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What Is a Water Footprint?


In this Issue:

  • Spring 2019
  • The Future of Water
  • Stewarding the Earth’s Water
  • Crunch: What Is a Water Footprint?
  • The Rediscovery of Water
  • A Map of the Future of Water
  • The Water Cycle is Broken But We Can Fix It
  • Groundwater: Unseen But Increasingly Needed
  • America's Water Infrastructure
  • Sometimes Water Should Be Left Where It Is
  • Five Questions: Bringing Water to Those in Need
  • Voices: When You Can't Take Water for Granted
  • View All Other Issues
What Is a Water Footprint?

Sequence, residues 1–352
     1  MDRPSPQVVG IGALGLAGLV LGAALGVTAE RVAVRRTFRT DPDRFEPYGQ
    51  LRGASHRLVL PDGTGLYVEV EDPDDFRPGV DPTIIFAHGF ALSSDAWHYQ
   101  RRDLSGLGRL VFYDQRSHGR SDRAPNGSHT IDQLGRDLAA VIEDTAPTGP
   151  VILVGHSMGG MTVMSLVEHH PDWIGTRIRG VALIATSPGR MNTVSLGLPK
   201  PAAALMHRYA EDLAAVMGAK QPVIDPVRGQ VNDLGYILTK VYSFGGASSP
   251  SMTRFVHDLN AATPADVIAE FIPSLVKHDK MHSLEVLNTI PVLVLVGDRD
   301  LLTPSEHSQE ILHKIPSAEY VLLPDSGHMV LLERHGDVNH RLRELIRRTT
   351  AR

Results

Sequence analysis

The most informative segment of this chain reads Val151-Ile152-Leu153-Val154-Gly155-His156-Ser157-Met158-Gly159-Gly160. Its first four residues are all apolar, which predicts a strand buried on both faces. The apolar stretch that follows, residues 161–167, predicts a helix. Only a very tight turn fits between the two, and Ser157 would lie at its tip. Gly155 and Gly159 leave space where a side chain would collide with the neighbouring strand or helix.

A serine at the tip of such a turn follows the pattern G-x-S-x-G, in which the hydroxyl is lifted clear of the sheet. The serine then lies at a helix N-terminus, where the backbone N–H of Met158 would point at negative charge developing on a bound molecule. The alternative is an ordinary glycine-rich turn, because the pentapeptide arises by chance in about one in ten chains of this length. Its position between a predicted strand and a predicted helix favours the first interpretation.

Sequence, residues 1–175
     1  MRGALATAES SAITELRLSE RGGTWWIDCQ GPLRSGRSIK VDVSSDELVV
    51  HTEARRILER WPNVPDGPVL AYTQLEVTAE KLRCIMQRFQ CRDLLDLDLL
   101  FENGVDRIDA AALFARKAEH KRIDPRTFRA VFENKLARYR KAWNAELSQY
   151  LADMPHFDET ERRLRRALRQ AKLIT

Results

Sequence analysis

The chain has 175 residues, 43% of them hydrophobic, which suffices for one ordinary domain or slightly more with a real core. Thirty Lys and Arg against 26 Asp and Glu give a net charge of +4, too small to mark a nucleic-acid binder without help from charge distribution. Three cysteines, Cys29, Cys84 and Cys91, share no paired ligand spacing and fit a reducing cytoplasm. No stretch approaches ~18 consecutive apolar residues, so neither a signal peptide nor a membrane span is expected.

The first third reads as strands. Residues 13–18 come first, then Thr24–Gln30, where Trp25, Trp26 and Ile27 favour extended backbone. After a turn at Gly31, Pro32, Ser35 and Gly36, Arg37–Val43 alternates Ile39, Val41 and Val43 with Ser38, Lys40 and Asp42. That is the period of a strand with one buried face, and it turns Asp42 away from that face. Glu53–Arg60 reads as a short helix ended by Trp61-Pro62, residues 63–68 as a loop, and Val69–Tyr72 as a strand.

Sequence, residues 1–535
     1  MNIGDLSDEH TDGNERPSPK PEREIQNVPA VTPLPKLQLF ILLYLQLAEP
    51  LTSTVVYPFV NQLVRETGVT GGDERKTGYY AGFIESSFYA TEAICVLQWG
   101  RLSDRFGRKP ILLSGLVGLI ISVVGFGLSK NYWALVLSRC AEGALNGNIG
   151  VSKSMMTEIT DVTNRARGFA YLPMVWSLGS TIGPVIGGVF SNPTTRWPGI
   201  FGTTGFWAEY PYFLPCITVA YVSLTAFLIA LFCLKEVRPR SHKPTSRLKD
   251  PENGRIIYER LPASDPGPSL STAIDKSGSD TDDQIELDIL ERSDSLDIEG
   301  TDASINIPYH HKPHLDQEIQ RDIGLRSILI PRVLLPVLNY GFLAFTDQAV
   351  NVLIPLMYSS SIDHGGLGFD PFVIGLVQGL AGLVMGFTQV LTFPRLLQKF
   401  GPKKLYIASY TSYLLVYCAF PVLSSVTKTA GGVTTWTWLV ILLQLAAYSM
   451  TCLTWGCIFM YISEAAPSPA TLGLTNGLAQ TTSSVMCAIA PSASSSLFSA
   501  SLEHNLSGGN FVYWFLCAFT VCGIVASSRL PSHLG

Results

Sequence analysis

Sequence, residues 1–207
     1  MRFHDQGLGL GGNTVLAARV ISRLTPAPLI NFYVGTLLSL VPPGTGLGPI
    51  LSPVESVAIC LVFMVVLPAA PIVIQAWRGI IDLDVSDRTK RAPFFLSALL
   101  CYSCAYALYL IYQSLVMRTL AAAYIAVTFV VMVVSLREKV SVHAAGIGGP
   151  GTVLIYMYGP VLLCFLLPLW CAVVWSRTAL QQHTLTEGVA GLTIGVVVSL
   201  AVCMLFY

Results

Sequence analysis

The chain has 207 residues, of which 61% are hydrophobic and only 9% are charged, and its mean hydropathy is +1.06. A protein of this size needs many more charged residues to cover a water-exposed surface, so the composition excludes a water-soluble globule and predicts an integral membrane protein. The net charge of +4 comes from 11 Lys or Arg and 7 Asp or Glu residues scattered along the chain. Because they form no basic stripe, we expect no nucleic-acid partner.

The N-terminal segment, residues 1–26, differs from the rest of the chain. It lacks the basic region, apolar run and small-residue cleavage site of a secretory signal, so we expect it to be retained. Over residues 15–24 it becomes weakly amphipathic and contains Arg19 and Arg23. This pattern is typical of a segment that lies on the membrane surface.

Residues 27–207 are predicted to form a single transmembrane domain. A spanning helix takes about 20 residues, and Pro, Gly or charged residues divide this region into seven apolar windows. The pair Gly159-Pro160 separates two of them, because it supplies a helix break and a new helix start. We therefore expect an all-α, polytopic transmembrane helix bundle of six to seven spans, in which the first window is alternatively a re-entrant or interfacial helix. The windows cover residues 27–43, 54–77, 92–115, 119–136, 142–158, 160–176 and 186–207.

It takes just over 2,000 gallons of water a day to keep the average American’s lifestyle afloat. That’s because everything we use, wear, eat, or buy takes water to make. A product’s water footprint consists of the volume of water from soils, rivers, and groundwater consumed in making it, plus the water needed to absorb the pollutants from manufacturing. So the water footprint of a cotton T-shirt consists of the water from rainfall and irrigation consumed in growing the cotton plant, plus the water needed at the shirt-making factory, plus the water needed to dilute the factory’s pollution. Applying a consistent methodology, the Water Footprint Network—a collaboration of companies, organizations, and individuals aimed at promoting smarter use of water—has developed water footprint estimates for many common products.

The Rediscovery of Water Stewarding the Earth’s Water
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